No Wallace, I don’t think that the I/A Co. could use a sign man right now, it may need one later on, and if it does you can depend on me to put you next. The Co. at present is mostly on paper, has a charter from the Honduras government and all that sort of thing. Preston is President & Gen. Manager and I am Secy.-Treasurer but that is about all there is to it. We are going to publish R.R. Guides etc. Also a swell elegant edition of the local paper as our maiden effort, from which Preston expects to clean up a nice little pile of kale on the ads. The blooming thing is going to cost about 3000 perfectly good bucks in the U.S. so you can imagine it’s not a very snide affair. We just signed up a contract with the R.R. for advertising space in their cars, and while it’s a starter, it doesn’t amount to very much. The people in these countries don’t know what advertising is, that is, not as it’s known in the U.S., and they have to be educated up to it. As for myself, I do not pretend to know anything about it, I’m a railroad material man, so I just do what Preston tells me to do, and let it go at that. As for wall signs, “Coca Cola”, “Hanan Shoes” and that kind of stuff, I can’t recall having seen one in Honduras.

O say, I wanted to tell you about that trip to Lake Yojoa (no it’s not Russian, pronounced “Yo-ho-a”) and like to forget it. It’s about 50 miles from here, measured in miles, but in real distance it’s a hell of a lot further, take it from me, for it took us two and a half days riding to reach it. Man I’d have given three million dollars to have you and Prados along. It is supposed to be the crater of an extinct volcano, and durned if I don’t believe that theory, too. It’s about 3000 feet above the sea and jammed in between the mountains whose peaks are generally covered with clouds, and the scenery around there is something swell. The lake itself is supposed to measure about twelve by eighteen miles, and the water is so darn deep that it is blue. Dr. Bell, a man who knows every place in Honduras nearly, told me that he had let down a 1700 foot line and didn’t touch bottom! And say feller, that blooming lake was just lousy with ducks, and the only artillery in the bunch was two little .22 automatic pistols! Oi! Oi! Oi! We killed an iguana that measured 4 ft. 7 inches and weighed 12(?) (18?) pounds if I remember right. Some lizard, eh? We took along two pack mules to carry our dope, one loaded with Preston’s cameras and such and the other with our blankets eats and hammocks. Hammocks are indispensible when traveling in this country, for once you leave the bigger towns there are no hotels and mighty few of the houses have any beds in them. We spent one evening and pretty near all of the next day at the lake and had a gorgeous time, paddling around in some canoes we found there, and popping at the ducks etc, with those absurd little automatics. We slept in our hammocks right on the edge of the lake under a little boat shack, the first time I ever camped out in my life. It’s great doings.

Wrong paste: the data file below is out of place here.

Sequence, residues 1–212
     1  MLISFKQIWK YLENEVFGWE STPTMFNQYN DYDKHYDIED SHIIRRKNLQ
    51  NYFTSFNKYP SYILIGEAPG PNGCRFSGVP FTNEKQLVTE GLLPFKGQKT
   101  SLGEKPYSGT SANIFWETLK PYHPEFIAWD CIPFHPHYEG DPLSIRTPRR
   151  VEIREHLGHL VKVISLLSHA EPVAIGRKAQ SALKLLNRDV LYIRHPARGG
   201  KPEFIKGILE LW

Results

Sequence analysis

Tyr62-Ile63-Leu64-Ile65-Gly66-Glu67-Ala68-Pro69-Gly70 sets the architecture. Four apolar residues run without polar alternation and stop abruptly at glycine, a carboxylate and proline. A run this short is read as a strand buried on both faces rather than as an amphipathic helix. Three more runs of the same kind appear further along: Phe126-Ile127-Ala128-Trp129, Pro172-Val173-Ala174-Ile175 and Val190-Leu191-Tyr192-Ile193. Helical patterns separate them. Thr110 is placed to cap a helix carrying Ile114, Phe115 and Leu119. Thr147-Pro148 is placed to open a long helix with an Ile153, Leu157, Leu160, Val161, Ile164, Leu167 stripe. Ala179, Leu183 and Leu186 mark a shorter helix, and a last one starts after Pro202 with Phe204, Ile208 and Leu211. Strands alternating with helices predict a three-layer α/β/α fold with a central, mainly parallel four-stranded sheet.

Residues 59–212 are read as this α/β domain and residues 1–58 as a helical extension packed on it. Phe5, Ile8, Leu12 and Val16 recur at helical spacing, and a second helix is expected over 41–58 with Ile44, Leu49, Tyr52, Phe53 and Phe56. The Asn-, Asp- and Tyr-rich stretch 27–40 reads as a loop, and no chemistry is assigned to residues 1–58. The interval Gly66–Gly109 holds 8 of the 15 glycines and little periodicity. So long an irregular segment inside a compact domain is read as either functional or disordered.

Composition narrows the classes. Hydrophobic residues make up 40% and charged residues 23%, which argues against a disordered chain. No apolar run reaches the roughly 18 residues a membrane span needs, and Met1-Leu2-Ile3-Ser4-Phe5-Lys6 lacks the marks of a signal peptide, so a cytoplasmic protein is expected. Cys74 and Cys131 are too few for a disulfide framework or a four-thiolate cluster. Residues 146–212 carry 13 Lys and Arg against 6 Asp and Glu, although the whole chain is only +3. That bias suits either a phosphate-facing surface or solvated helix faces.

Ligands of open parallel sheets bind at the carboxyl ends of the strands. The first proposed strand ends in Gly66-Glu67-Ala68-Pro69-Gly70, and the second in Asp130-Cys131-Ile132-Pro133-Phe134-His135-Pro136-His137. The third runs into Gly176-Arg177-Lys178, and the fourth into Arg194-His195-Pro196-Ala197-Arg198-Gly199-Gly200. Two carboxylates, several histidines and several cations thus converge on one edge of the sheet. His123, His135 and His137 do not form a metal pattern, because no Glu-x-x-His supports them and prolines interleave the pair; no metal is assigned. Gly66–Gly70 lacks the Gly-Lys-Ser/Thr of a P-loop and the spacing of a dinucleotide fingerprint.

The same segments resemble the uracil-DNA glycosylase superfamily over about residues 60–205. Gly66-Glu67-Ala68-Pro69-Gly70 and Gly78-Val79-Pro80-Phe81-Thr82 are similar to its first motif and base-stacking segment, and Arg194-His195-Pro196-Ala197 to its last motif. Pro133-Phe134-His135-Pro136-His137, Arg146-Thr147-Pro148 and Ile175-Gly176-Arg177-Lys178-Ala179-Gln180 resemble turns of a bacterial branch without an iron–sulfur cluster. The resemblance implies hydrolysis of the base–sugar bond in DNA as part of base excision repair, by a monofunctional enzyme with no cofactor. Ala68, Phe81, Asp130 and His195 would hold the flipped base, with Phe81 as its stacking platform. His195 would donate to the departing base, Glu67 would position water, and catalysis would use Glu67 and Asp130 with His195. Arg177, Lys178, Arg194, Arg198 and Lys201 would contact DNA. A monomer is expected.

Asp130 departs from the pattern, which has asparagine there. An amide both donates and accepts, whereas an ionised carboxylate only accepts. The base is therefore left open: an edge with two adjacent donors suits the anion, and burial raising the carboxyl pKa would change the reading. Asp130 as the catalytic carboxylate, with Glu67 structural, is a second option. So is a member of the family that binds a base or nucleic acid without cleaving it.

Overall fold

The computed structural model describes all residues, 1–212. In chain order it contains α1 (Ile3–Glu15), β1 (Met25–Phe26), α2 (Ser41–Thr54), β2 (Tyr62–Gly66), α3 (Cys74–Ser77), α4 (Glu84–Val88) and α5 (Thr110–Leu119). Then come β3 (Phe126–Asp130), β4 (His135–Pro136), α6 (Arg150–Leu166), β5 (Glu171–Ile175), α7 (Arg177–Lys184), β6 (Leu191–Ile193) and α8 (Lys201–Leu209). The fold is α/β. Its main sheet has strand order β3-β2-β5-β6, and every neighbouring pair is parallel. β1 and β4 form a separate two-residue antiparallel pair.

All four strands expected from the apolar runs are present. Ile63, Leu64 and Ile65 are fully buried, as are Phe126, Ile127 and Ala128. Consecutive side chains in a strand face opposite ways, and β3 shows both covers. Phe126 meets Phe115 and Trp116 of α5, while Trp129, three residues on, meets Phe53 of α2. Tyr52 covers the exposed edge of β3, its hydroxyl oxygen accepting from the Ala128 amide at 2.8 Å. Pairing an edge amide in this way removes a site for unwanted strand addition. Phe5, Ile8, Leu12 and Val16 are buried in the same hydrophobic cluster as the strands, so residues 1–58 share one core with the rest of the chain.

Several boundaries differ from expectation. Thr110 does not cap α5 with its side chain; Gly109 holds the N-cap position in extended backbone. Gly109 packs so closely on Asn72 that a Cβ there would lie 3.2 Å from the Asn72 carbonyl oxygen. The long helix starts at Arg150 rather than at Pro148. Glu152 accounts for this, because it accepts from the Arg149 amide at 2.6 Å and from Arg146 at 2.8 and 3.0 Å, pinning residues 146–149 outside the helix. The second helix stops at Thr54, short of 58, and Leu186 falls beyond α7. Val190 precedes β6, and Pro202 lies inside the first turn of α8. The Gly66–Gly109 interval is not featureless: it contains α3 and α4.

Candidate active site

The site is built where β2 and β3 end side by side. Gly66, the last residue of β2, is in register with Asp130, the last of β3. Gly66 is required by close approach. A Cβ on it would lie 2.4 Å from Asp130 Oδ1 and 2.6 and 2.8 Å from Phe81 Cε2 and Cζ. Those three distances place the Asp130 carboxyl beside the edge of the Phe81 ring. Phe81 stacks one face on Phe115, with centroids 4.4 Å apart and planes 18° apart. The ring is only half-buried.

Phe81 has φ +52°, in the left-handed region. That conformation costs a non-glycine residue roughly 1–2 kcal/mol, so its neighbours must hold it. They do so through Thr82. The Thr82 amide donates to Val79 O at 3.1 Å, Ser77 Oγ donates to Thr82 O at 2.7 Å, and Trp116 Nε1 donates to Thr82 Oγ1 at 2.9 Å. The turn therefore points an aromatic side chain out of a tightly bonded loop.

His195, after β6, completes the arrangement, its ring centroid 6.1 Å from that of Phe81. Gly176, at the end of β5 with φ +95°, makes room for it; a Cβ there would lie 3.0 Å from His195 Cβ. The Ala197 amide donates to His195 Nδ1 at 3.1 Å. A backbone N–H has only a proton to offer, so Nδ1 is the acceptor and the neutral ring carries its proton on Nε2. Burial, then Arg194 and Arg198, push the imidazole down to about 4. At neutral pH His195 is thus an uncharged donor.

Say did you ever imagine a machete being used as fishing tackle? I was told that this was the way that the Indians around there caught their fish, with a machete, but I promptly put that story down as a lie, but it’s not, for I saw it done with my own eyes. The night we slept at the lake I woke up at about two in the morning and saw an Indian walking along very quietly in the water about knee deep, with a big pine torch in one hand and his machete in the other. I wondered what the devil he was up to but pretty soon he stood perfectly still and peered into the water and then, - swish, he slashed into the water and pulled out a fish about eighteen inches long. Well, I take off my hat to a machete, and one who knows how he can use it for anything, from digging out a splinter in his toe to catching a mess of fish.

Look, I’ll have to saw this pretty quick, but I’m doing this and as I am alone in the house there’s nobody to talk shop to me tonight. O darn, I’m tired, so good night and GOOD LUCK to you Wallace, and write again